The 5 Non-Technical Skills Any Great Developer Needs in Order to Advance

It takes more than just technical skills to move up the ranks as a software developer.

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By Jeremy Johnson

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With less than 1 percent unemployment in many technical fields and a skills gap that's widening, finding a job as a software developer may not seem like the most challenging professional hurdle. But it's also true that it still takes more than just technical skills to advance through the ranks and earn the right to lead teams, projects, and, ultimately, companies.

Unfortunately, just as there is a gap in our educational system fueling the extreme shortage of technical talent, there is also a gap in the tech world when it comes to learning the soft skills that translate into not just a "good job," but a great career in technology.

Here are five non-technical skills that employers use to differentiate good developers from great ones.

1. Intellectual curiosity

To move up the ranks, developers need to start asking questions and attack problems from new angles. Moving along with the daily grind is not enough.

Those who get ahead look at nagging problems and elegant solutions and ask themselves questions like "why does this happen?" or "why does this work?" They look at issues from multiple perspectives to find new solutions.

Intellectual curiosity drives projects and companies forward, and catapults careers. To stimulate that curiosity, read up on topics of interest. Look at the latest research. Ask questions.

Related: Want to Be a Web Developer? Here's Where the Best Opportunities Are. (Infographic)

2. Openness to new experiences

Developers who say "yes" to new things stay relevant and engaged and avoid falling into a workplace rut.

Willingness to take risks, try out new techniques, and experiment with new methods can lead to improvements and innovations. The tech industry moves fast, and those who are willing to push boundaries and jump on board with new processes and systems will be the most successful.

Taking on new roles and responsibilities can also help propel a developer's career forward.

3. Empathy for one's future self

Part of being a disciplined software developer involves being kind to other members of the team and one's future self by generating high-quality work.

Despite pressure from managers, successful developers take the time to create high-quality work. They understand that they, or someone else, will need to clean up their mess if they do a poor job. Spending extra time to complete projects right will save time and frustration in the long-run by avoiding unnecessary mistakes and corrections.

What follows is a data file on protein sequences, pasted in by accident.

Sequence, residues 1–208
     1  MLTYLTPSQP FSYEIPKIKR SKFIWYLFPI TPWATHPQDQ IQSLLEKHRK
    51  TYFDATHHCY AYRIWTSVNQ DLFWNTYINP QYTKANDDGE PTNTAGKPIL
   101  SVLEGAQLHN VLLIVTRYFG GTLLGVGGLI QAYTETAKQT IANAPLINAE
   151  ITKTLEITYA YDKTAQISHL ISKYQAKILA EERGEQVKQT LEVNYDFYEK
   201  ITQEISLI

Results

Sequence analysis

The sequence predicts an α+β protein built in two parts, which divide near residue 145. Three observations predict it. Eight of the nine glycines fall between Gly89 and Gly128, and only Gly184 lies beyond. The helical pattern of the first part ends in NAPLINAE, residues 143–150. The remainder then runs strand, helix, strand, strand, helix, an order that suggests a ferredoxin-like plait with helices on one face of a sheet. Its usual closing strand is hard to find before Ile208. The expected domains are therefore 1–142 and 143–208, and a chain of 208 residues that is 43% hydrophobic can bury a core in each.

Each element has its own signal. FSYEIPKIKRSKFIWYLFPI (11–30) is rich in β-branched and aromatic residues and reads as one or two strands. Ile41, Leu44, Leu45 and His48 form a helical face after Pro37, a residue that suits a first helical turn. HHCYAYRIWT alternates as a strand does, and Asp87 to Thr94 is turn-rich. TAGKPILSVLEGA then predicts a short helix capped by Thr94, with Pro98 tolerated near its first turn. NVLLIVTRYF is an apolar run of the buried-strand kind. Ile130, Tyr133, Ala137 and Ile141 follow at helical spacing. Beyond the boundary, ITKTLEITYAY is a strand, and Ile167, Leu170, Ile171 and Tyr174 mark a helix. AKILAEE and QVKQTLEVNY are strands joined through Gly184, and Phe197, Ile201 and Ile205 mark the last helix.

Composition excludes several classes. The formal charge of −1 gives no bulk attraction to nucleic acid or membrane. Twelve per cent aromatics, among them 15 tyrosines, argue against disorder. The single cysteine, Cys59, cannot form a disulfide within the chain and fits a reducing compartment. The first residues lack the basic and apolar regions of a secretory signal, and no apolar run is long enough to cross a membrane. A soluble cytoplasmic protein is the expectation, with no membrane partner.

Producing consistent, quality work not only saves the developer from unwanted headaches down the road, but also establishes their reputation as attentive, thorough, and precise.

Related: Don't Build Your App for 100 Million Users

4. Disciplined habit-building

Coding is a lot like sports. Building muscle memory is essential to operate at maximum efficiency. Developers build mental-muscle memory just like athletes -- through disciplined practice.

Start building muscle memory by setting aside 20 minutes each day to code. After a month of consistent practice, coding should become easier and faster and practicing will seem less like a chore.

Over time, gradually increase the time spent in practice. Building coding habits will boost muscle memory and increase productivity.

5. Efficiency

Developers shouldn't be couch potatoes, but they do need a healthy aversion to repetitive work that can be automated.

As Larry Wall, creator of Perl programming language, writes in Programming Perl, efficiency -- or what he calls "laziness" -- is the quality that "makes you go to great effort to reduce overall energy expenditure. It makes you write labor-saving programs that other people will find useful and document what you wrote so you don't have to answer so many questions about it."

Refusing to do repetitive work will foster constant motivation to look for new ways to automate, optimize, and improve processes. Developers who focus on ways to save time and money will move to the next level.

What do you think? Which soft skills are the most important? Tell us in the comments below.

Related: 22 Quotes to Inspire Your Marketing Efforts

Jeremy Johnson

Founder and CEO, Andela; Co-Founder, 2U

Jeremy Johnson is the founder and CEO of Andela, a global talent accelerator that produces developers and connects them with top employers. He is also the co-founder and former chief strategy officer of 2U, which partners with leading colleges and universities to deliver online degree programs so students everywhere can reach their full potential.

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